Businesses face difficult decisions when an employee, customer, student, or vendor. has or may have COVID-19. They are obliged to protect the privacy of the affected individual, yet they also have a responsibility to protect the public health. Conflicting laws in the locations where a business operates, or where the affected individuals reside, organizations operate or and where affected individuals reside, may further complicate these decisions.
Businesses first need to be aware that privacy regulations apply during this public health crisis. As the United States Department of Health and Human Services (HHS) has reinforced, “the protections of [HIPAA’s] Privacy Rule are not set aside during an emergency.”
Similarly, the Data Protection Commission in the Republic of Ireland and the United Kingdom’s Information Commissioner’s Office are reminding businesses about the rules for handling health and personal information under Ireland’s the General Data Protection Regulation (GDPR) and Great Britain’s similar law. Thus, organizations remain required to notify individuals of the collection and use of health and personal information about them, to honor the rights of individuals to control such information, and to maintain the privacy and security of that information.
Privacy regulations do, however, permit the collection and disclosure of health and personal information in circumstances applicable to the current crisis. For example, such information may be disclosed if the affected individual has given informed consent, and if the information has been appropriately de-identified. Certain privacy regulations also permit organizations to collect and disclose health and personal information without consent, when an emergency threatens the health of the affected individual, and when doing so is necessary to protect the public health. Businesses should consult with counsel before disclosing such information to ensure that disclosure is permitted under the circumstances and applicable privacy law.
In response to COVID-19, governments are clarifying and easing some privacy restrictions. For example, the European Data Protection Board issued a statement assuring organizations that “the GDPR provides for the legal grounds to enable [them] to process personal data in the context of epidemics, without the need to obtain the consent of the data subject, [including when] necessary for…reasons of public interest in the area of public health or to protect vital interests...or to comply with another legal obligation.” Similarly, the Information Commissioner’s Office for the United Kingdom issued a FAQ stating that employers may collect health and personal information (like physical symptoms and travel history) to identify whether employees safe workplace.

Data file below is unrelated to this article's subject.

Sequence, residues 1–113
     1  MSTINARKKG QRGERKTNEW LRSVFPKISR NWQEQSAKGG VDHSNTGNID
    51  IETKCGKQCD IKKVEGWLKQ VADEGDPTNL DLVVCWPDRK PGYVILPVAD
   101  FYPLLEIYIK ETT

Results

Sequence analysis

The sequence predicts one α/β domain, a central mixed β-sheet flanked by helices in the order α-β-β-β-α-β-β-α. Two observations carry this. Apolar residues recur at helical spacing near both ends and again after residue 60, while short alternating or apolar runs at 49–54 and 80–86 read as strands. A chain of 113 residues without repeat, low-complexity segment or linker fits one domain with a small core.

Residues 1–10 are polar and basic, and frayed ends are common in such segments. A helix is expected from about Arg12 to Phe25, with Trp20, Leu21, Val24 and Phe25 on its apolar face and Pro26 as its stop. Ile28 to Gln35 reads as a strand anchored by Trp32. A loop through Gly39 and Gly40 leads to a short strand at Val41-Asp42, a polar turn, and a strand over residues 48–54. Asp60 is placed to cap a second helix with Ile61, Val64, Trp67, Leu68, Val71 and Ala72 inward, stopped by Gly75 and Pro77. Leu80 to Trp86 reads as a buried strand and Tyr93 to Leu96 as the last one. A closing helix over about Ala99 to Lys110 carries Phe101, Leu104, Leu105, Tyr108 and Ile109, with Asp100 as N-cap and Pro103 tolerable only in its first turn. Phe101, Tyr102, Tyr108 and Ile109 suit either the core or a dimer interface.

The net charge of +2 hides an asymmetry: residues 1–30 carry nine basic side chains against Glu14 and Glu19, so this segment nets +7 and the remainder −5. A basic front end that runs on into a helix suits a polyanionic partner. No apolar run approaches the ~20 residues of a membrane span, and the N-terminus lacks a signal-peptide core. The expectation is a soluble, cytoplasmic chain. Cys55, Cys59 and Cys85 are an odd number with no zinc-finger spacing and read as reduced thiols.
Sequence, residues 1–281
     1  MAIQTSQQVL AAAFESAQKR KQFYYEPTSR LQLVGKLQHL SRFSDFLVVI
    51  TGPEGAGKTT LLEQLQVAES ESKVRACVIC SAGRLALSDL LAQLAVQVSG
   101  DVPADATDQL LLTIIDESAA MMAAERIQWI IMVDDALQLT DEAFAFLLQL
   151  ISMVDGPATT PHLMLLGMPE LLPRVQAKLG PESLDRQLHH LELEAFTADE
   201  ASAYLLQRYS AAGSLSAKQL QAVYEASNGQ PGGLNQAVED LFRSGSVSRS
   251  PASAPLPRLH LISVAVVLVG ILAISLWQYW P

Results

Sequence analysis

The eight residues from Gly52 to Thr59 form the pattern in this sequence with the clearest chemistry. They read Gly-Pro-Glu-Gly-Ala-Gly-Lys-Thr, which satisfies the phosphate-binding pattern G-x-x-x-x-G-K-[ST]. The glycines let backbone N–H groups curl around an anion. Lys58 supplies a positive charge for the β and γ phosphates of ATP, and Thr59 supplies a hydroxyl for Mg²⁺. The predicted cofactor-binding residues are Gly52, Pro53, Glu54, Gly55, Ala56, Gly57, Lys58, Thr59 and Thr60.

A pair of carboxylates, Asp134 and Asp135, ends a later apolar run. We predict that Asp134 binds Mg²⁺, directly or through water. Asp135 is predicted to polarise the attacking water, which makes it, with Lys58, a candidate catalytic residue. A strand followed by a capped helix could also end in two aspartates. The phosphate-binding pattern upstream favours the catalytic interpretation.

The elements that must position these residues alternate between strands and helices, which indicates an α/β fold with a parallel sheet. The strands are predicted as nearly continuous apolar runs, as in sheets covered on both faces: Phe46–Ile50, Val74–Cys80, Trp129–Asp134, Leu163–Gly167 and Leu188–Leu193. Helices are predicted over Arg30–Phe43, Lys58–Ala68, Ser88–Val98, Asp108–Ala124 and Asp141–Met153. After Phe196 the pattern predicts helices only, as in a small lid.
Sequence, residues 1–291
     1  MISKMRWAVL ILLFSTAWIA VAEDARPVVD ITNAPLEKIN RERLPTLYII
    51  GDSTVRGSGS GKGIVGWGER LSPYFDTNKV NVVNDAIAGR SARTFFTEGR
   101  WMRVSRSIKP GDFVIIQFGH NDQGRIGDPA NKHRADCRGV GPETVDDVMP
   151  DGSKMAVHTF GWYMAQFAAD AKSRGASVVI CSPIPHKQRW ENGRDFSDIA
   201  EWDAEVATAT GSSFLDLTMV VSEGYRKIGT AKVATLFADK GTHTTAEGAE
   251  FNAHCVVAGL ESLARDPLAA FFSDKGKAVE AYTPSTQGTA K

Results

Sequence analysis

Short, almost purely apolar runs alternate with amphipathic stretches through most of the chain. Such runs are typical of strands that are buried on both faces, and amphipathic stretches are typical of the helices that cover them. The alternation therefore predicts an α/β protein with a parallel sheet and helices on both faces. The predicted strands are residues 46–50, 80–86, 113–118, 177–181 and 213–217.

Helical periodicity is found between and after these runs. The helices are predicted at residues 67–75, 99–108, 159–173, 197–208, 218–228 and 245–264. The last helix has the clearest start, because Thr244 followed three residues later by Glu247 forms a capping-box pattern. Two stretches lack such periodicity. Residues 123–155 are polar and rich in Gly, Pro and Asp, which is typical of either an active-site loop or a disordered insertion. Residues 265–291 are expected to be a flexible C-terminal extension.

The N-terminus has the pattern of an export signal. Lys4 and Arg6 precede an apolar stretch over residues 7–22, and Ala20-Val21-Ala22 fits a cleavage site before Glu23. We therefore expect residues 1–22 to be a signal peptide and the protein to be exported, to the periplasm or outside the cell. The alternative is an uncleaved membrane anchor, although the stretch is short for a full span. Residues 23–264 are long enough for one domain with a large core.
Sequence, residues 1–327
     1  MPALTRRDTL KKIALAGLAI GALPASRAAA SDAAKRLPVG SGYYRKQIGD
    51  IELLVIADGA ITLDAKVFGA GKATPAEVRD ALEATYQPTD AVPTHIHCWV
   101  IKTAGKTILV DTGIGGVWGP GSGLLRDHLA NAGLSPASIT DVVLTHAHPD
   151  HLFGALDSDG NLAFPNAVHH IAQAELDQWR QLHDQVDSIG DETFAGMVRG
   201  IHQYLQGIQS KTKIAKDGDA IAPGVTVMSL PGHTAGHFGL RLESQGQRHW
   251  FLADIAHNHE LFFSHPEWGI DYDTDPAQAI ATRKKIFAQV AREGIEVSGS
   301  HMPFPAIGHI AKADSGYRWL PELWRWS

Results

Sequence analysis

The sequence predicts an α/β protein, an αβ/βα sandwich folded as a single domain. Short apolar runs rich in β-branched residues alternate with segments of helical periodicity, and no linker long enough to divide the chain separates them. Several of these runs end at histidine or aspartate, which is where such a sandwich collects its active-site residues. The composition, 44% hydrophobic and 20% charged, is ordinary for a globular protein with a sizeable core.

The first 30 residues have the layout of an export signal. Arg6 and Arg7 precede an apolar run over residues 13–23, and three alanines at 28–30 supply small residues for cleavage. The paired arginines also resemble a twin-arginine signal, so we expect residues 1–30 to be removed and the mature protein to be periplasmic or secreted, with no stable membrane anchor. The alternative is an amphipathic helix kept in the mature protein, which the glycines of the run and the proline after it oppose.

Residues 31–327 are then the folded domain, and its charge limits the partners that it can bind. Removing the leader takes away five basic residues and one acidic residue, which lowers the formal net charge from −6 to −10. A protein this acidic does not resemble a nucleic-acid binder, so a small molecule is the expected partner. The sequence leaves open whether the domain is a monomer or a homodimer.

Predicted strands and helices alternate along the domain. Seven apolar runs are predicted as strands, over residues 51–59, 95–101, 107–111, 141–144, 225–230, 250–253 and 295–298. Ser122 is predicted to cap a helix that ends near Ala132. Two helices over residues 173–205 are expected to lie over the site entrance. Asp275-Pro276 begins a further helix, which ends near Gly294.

Similarly, under HIPAA, HHS waived certain Privacy Rule penalties and sanctions for covered hospitals, including to permit telemedicine via insecure communications, when those communications apply to the COVID-19 emergency, and only for up to 72 hours after a covered hospital has instituted its disaster protocol. Because of statements issued by the Center for Disease Control, an advisory from the United States Equal Opportunity Commission employers are permitted to ask questions of sick employees to determine whether they may have COVID-19, and also to require employees in the workplace to measure their body temperature.
While COVID-19 has created a new normal for all, privacy laws have anticipated this type of crisis. Businesses can take a step back, work with experienced counsel, and ensure that the actions they take to collect, use, and disclose health and personal information to address COVID-19 are in compliance with applicable privacy regulations.